Sad news. John Hawks passes along that James F. Crow has died. Further mention from the National Center For Science Education. A little over 5 years ago I sent Crow an email with only minimal expectation of response, asking about an interview. He responded in less than 24 hours! I think it says a lot about the man that he would respond to sincere questions out of the blue from basically a nobody. Here is his Wikipedia entry. And remember that Genetics has commissioned a series of retrospective essays in Crow’s honor.
At 95 James F. Crow is not only an eminent population geneticist, but he knew the figures who were responsible for the whole field. The journal Genetics has commissioned a series of essays and perspectives in his honor. The first is by Daniel Hartl. I thought this was funny:
Soon after joining the program I asked Professor Crow whether I could join his lab as a graduate student. He thought for a moment and then said, “Yes, Dan, provided you understand that population genetics is a recondite field that will never be of great interest except to a small group of specialists.” I remember this because afterward I hurried to look up “recondite” in the dictionary. His admonition made population genetics seem like some variety of monasticism, which, being an admirer of Gregor Mendel, was all right by me. Little did either of us foresee that genetics would be transformed in our lifetimes by genomic sequencing on a population scale and the development of computer technologies capable of analyzing terabytes of data and that population genetics would become a key approach for understanding human evolutionary history as well as for identifying genetic risk factors for common diseases.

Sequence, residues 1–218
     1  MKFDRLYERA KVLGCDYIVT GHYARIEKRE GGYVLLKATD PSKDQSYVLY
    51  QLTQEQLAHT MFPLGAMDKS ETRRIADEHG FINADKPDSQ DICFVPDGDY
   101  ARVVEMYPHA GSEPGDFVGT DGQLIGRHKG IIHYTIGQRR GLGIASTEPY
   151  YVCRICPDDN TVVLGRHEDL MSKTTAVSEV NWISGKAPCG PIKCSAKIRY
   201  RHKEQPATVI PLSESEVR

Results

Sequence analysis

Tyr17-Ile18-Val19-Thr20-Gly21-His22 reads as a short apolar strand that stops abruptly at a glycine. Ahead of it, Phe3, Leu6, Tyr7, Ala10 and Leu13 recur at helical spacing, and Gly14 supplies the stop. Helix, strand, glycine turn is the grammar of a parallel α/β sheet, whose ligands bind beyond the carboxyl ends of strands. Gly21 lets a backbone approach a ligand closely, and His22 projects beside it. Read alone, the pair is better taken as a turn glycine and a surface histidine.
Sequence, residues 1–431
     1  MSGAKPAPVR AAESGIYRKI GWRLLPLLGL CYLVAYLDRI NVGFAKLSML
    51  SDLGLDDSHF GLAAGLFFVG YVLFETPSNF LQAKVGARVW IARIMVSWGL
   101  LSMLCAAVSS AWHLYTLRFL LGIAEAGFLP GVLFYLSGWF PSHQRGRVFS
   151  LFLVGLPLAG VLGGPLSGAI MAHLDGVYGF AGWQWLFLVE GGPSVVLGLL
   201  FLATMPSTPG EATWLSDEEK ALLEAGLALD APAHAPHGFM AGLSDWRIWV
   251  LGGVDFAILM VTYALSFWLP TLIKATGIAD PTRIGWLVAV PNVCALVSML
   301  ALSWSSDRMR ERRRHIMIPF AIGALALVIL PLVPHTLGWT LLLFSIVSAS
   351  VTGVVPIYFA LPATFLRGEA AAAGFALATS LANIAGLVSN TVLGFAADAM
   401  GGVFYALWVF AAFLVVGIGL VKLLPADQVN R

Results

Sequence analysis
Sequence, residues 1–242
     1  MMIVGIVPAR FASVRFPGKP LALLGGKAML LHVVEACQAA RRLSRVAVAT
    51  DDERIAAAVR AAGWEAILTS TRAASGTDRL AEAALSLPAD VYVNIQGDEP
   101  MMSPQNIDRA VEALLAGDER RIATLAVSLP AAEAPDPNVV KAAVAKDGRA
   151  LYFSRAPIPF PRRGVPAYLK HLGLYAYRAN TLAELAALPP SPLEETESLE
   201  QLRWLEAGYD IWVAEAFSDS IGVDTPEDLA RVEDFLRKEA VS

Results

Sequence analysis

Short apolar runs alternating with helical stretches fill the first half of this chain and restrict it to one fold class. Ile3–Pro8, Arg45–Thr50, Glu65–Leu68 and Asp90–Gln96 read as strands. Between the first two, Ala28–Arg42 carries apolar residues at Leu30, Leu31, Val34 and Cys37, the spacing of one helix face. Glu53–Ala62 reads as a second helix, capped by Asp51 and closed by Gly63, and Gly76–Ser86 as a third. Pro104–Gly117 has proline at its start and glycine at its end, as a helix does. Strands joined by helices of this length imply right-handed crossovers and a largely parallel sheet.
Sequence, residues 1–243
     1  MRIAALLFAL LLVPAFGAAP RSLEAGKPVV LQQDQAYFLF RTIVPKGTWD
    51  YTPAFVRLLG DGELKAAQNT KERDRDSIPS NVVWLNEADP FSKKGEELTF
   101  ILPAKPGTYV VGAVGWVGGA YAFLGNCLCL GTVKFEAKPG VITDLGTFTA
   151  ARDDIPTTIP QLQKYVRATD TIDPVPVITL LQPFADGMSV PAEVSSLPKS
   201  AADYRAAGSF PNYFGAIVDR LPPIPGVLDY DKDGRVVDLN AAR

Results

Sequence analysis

I had the privilege of interviewing Crow in 2006. My email requesting an interview was sent only on the smallest probability of a reply, but he replied immediately! And when I sent my questions again the reply was nearly immediate. My favorite of Crow’s answers: “In my view it is wrong to say that research in this area — assuming it is well done — is out of order. I feel strongly that we should not discourage a line of research because someone might not like a possible outcome.” At his age he’s seen many fashions come and go. But nature abides and persists.